Management obviously is bullish on the drug's chances in this setting, as they are working with the FDA to come up with an optimal study design for a follow on pivotal trial. Management has stated they are observing indications of substantial benefit of FG-3019 therapy based on clear objectives and quantitative criteria, the results of which have been submitted recently for publication in a peer-reviewed journal.
At the ASCO-GI meeting in 2014, a dose escalation Phase 2 study in patients with locally advanced stage-three or metastatic stage-four pancreatic cancer evaluated FG-3019 in combination with gemcitabine and erlotinib as first line therapy. An important observation was that once doses were high enough, a few statistically significant results were found. The one year survival was 34.2% for patients who had circulating 3,019 levels of 150 micrograms per ml or higher versus 10.8% for those with lower plasma levels.
Preclinical results in a mouse model of pancreatic cancer showed FG-3019 in combination with gemcitabine improved overall survival by making tumor cells more vulnerable to chemotherapy-induced cell death.
Lastly, in the study to date, management has stated they've observed less than 20% of subjects treated with gemcitabine/Abraxane were eligible for resection compared to over 80% of the subjects being treated with gemcitabine/Abraxane plus FG-3019. That is very exciting news and in my opinion bodes well for outcomes.
A third open label Phase 2 trial is enrolling non-ambulatory Duchenne muscular dystrophy (DMD) patients. Patients will receive FG-3019 every two weeks, with the primary endpoint being forced vital capacity. Based on an animal model of the disease, the company believes FG*3019 has a real shot at achieving such results.
According to the company, current exon-skipping treatments address less than one third of the DMD community, and disease-modifying therapies that slow, stop, or reverse muscle regeneration are the most critical need in the disease.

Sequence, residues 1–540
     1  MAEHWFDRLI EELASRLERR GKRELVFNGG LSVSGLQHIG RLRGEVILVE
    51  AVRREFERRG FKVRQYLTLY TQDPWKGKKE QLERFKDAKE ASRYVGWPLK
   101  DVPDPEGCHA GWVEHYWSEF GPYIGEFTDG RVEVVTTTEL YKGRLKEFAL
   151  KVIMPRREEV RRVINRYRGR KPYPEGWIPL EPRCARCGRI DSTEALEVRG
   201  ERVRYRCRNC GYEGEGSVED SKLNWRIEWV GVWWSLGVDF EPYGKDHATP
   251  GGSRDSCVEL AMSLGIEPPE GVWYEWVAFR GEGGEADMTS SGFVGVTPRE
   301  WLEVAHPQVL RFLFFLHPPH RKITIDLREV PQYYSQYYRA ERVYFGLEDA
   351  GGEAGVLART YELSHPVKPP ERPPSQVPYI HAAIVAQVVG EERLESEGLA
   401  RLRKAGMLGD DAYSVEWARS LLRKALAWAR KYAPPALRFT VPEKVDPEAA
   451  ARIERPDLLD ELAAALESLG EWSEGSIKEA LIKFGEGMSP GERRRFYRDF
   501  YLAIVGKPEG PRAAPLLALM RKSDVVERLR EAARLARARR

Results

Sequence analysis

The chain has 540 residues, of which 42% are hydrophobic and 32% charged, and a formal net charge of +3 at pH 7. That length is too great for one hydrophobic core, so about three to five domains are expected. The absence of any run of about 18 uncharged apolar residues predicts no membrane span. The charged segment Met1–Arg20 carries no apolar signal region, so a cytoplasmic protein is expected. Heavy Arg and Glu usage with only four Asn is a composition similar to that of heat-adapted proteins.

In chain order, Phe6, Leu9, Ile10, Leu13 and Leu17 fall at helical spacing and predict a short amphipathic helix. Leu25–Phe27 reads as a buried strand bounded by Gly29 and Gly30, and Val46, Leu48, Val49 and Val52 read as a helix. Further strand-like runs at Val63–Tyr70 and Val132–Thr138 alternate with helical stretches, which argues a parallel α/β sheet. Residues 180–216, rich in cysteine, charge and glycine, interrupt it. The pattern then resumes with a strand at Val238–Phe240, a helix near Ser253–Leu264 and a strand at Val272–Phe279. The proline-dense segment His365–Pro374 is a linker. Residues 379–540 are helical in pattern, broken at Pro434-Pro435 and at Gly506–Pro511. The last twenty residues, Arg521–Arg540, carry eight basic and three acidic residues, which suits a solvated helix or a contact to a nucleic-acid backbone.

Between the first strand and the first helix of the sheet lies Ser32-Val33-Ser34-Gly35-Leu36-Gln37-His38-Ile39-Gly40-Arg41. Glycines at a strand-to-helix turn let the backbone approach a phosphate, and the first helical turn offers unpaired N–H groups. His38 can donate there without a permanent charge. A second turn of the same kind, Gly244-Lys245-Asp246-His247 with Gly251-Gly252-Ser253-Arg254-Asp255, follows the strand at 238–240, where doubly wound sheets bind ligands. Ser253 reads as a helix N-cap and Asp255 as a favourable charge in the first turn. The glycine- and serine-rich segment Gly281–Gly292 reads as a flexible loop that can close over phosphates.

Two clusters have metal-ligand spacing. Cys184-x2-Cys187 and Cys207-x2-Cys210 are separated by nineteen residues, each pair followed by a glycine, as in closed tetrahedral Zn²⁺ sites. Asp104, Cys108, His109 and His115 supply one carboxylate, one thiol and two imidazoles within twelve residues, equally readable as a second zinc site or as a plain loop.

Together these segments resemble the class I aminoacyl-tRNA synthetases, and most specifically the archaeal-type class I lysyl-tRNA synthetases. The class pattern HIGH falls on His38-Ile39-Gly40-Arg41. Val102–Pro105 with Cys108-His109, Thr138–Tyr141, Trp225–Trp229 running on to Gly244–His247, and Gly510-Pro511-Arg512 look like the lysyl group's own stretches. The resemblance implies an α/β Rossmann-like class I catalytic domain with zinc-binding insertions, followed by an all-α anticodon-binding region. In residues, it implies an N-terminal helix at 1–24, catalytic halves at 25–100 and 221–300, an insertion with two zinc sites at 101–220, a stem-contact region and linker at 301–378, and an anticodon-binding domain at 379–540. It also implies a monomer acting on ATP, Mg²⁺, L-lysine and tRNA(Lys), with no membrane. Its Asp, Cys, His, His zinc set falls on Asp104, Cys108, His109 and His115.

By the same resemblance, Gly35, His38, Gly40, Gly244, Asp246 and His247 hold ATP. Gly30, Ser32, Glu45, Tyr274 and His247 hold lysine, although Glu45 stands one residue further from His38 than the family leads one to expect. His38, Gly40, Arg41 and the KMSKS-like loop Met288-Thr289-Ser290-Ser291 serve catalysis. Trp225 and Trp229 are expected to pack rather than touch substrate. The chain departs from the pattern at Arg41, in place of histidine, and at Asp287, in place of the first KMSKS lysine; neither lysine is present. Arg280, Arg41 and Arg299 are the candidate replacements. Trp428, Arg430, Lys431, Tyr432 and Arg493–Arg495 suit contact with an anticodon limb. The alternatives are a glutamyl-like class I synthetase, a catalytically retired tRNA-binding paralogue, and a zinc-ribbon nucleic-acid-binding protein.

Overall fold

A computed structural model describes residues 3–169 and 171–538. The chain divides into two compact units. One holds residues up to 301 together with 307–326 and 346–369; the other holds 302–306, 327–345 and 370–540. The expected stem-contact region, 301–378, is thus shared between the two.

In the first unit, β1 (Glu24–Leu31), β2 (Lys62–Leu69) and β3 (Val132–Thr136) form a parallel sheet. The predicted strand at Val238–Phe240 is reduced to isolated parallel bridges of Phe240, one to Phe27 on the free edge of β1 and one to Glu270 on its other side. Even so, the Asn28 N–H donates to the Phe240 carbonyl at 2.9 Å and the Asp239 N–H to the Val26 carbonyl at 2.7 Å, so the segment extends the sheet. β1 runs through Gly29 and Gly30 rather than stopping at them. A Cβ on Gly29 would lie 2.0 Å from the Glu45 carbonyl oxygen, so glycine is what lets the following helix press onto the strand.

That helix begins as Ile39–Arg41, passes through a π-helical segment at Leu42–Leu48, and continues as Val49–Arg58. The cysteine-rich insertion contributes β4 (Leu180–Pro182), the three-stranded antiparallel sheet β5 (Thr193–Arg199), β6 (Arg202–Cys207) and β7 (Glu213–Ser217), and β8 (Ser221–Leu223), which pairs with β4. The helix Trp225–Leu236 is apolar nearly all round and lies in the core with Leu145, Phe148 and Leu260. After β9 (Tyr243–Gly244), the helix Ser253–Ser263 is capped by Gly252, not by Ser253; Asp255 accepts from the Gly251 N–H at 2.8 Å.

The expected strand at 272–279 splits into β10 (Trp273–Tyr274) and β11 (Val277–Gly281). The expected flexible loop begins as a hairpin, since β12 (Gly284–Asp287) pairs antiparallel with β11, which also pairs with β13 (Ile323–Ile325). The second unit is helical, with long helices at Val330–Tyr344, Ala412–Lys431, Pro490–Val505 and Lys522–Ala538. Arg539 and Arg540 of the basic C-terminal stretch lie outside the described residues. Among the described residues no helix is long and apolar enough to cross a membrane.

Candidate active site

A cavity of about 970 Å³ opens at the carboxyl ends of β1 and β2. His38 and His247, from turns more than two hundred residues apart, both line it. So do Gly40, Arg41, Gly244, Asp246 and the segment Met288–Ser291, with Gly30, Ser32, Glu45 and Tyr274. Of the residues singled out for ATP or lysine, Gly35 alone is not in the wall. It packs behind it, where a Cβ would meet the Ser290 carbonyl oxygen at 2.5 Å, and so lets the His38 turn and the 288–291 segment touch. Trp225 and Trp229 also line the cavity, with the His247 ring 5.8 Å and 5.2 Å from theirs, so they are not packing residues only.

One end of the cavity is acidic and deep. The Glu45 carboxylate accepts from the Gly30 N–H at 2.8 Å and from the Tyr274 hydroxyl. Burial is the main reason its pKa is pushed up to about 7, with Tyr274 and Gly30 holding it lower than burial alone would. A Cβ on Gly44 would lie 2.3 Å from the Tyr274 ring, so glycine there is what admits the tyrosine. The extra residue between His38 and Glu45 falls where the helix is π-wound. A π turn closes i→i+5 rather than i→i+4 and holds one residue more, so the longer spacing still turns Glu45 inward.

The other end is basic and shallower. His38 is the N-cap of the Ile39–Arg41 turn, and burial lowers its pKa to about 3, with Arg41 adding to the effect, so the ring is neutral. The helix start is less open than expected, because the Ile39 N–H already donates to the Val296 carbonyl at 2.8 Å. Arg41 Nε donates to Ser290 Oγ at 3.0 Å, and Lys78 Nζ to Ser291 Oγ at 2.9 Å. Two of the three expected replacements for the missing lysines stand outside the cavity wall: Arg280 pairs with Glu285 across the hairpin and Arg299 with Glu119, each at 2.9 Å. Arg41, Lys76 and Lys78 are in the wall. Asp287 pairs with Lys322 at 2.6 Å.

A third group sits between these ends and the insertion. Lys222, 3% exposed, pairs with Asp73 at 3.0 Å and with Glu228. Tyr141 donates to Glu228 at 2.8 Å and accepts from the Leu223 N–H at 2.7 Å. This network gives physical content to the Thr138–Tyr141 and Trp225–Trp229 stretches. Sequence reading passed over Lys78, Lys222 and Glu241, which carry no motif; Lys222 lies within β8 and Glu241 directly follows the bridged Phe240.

The company is also planning a study in ambulatory DMD patients, after receiving feedback from the FDA.
Management believes CTGF contributes to the process where muscle is replaced by fat and fibrosis, and that therefore a FG-3019 blockade of CTGF could improve muscle strength and exercise endurance.
While I consider FibroGen a core buy in biotech, it isn't without its risks. Prior Phase 2 data for lead candidate roxadustat has been promising to data, but the company needs very promising Phase 3 results along with a clean safety profile in order for regulatory agencies to green light the treatment.
Also, the company is in the midst of an IP war, as earlier this year GlaxoSmithKline (NYSE:GSK) submitted an IPR filing. In the conference call, FibroGen CEO Thomas Neff stated that for roxadustat, the company has valid claims to the composition of the drug and protection that will allow them to operate in exclusivity in the US through 2033.
He went on to state that there is a large amount of IP in favor of Fibrogen, but investors will have to just wait as the company does its best to defend itself.
He did admit that in the European Union the situation is more ambiguous, but that they are still optimistic in regards to a positive outcome.
I found management's comments on IP defense somewhat helpful but at the same time they were too vague to allay my concerns completely. Many questions are left unanswered, but investors will have to accept this as a risk to the thesis if they are going to establish a position in the company.
Also, at the current burn rate (and not taking upcoming milestone payments into account), I wouldn't be surprised to see it access funding toward the end of 2017. Fortunately, the company's forecasted $310 million year-end cash position should allow it to see its pipeline through all previously mentioned material data readouts.
Upcoming catalysts include roxadustat data from the China pivotal trials by year-end, early 2017 data from FG-3019 in pancreatic cancer, mid-year 2017 data from roxadustat EU/USA pivotal trials, and mid-year 2017 data from FG-3019 in IPF.
I consider FibroGen to be a core biotech holding, targeting multiple promising markets, possessing solid partnerships with deep pocketed pharma companies, and upcoming material catalysts that should result in increased interest from Wall Street. A current average price target from Wall Street analysts of $38 represents about 80% upside from current levels.
Disclosure: I/we have no positions in any stocks mentioned, and no plans to initiate any positions within the next 72 hours.
I wrote this article myself, and it expresses my own opinions. I am not receiving compensation for it (other than from Seeking Alpha). I have no business relationship with any company whose stock is mentioned in this article.